SA Bulbs

Fri, 23 May 2008 20:19:04 PDT
Cyphias are wonderful plants, scarcely known in cultivation anywhere. A
majority if not all  are indeed geophytes and die back each season to a
subglobose, thin-skinned tuber that resembles a potato; it can be difficult
to see which end is up when transplanting. They are not difficult to grow
and suffer cramped conditions in pots quite well, reliably returning each
season for years. Their main drawback perhaps is their inconspicuousness and
small size-- they are not suitable for average garden situations.

Besides the rather drab but medicinally useful C. elata (one of the summer
rainfall species), I have only winter growing species and I give them all
the same treatment: a bone dry rest from April-May to Oct-Nov and some shade
while growing, with something to twine through. They will scramble happily
if they cannot climb. Some species have upright stems but most seem to be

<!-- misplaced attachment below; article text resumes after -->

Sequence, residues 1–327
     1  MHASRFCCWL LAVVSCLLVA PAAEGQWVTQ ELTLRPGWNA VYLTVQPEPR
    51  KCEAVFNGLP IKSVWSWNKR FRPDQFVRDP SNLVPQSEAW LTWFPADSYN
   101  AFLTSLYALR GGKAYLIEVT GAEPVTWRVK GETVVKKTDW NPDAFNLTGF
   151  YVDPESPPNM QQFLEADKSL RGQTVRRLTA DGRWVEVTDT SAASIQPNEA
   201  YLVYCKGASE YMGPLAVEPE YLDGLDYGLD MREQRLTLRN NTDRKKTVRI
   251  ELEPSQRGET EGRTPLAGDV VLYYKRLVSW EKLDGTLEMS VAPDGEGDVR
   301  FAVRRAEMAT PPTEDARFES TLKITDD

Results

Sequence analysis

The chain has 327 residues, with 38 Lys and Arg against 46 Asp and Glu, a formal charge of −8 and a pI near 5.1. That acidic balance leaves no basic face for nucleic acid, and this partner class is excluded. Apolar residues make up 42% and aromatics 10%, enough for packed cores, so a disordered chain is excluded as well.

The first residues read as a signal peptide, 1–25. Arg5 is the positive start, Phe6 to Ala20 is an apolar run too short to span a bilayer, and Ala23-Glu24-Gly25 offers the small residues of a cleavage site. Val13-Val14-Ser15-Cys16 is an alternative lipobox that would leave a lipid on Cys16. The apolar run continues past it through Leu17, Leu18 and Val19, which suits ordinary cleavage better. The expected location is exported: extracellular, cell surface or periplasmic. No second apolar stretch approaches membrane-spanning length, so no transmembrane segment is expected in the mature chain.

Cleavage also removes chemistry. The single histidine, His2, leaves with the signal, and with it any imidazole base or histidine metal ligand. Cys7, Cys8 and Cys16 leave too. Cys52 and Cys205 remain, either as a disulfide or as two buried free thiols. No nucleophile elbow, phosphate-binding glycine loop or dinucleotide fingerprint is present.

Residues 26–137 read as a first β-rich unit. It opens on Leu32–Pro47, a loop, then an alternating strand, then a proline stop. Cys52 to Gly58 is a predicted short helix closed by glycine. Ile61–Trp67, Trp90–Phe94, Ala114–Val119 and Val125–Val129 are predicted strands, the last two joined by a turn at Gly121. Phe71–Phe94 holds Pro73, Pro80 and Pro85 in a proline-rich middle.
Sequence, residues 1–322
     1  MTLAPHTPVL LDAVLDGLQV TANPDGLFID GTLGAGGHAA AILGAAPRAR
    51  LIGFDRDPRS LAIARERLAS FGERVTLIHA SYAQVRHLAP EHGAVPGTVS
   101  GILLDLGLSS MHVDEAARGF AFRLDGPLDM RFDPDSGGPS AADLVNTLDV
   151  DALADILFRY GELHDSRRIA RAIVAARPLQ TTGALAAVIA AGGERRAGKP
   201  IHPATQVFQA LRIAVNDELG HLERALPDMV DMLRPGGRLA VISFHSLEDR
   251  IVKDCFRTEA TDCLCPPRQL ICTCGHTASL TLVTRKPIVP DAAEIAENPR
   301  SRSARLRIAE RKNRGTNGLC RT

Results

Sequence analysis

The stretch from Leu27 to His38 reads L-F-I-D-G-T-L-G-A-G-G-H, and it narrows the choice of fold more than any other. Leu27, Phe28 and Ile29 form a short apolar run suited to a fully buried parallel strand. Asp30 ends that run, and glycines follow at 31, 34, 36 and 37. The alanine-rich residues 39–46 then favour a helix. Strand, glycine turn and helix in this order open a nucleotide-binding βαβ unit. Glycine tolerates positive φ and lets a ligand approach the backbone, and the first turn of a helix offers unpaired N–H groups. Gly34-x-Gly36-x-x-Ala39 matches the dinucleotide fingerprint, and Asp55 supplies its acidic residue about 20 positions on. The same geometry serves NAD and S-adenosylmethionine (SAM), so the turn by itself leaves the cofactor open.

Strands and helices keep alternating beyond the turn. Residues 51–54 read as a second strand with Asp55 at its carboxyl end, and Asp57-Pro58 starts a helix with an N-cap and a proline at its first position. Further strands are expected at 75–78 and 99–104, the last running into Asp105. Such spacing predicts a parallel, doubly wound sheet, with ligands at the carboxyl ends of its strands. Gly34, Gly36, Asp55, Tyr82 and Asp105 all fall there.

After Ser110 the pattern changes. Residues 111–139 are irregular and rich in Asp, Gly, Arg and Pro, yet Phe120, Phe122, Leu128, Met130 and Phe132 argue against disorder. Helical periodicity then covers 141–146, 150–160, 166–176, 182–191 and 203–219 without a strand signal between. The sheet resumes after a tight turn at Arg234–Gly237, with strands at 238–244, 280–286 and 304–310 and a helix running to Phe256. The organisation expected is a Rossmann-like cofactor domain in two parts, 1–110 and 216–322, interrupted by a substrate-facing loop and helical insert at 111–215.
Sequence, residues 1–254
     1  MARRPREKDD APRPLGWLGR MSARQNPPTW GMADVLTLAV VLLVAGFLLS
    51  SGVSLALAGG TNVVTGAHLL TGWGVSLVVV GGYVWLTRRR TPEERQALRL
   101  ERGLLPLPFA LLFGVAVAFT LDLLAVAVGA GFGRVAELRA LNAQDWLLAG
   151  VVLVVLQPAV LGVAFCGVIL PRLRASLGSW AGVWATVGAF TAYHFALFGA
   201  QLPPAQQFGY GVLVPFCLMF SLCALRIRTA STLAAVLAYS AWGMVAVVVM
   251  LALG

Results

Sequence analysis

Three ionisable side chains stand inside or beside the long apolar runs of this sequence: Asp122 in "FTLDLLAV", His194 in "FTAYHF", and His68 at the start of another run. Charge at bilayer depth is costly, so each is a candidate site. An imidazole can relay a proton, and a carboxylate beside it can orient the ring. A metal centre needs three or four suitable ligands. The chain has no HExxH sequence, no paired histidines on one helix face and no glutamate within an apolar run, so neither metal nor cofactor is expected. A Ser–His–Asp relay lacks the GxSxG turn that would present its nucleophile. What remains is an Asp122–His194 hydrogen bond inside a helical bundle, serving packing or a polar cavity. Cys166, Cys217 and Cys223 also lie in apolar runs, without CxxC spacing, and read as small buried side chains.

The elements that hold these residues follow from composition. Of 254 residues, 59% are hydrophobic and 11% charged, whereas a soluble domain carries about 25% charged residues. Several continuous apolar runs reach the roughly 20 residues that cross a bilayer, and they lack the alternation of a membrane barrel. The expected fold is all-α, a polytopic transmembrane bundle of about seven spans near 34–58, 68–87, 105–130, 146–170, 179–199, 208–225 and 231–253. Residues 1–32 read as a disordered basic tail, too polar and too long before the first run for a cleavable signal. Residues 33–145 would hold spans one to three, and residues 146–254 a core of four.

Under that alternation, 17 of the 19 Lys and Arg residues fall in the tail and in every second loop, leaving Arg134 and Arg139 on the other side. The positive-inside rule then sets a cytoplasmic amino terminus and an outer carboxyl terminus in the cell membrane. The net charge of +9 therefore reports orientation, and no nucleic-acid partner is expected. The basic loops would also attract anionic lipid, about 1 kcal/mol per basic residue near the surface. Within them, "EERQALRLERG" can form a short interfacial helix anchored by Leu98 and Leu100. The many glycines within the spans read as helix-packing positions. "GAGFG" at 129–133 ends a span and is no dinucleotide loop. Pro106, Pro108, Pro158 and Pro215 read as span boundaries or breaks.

delicate twiners. Their small flowers are sometimes produced in numbers
enough to attract attention and individually are worth close inspection.
Both the twining habit and tuberous rootstock make Cyphia unusual among the
lobelioid group of the Campanulaceae.

Dylan Hannon
Dylan Hannon Rare Bulbs

On Fri, May 23, 2008 at 2:41 PM, <> wrote:

> The appearance of Karla Chandler on the scene prompts me to ask for info
> about a South African bulb...if it is a bulb!  I had no such expectation of
> Cyphia digitata (Lobeliaceae) when I grew it from seed, but when all my
> plants spontaneously lost their foliage as summer approached, I was wary
> enough to empty out the pots, and there were storage organs that looked very
> like bulbs.
> My questions: A. Is this species considered a geophyte (how not, I
> suppose)?
> B. How complete a summer rest does it need?  I lost a couple last summer
> and could not tell if it was from too much or too little moisture.
> The top-growth is wispy and clearly intended to scramble up available
> support.  It is described as a grassland species that bears blue flowers in
> winter.
> Jim Jones
> Lexington, MA Z5-6
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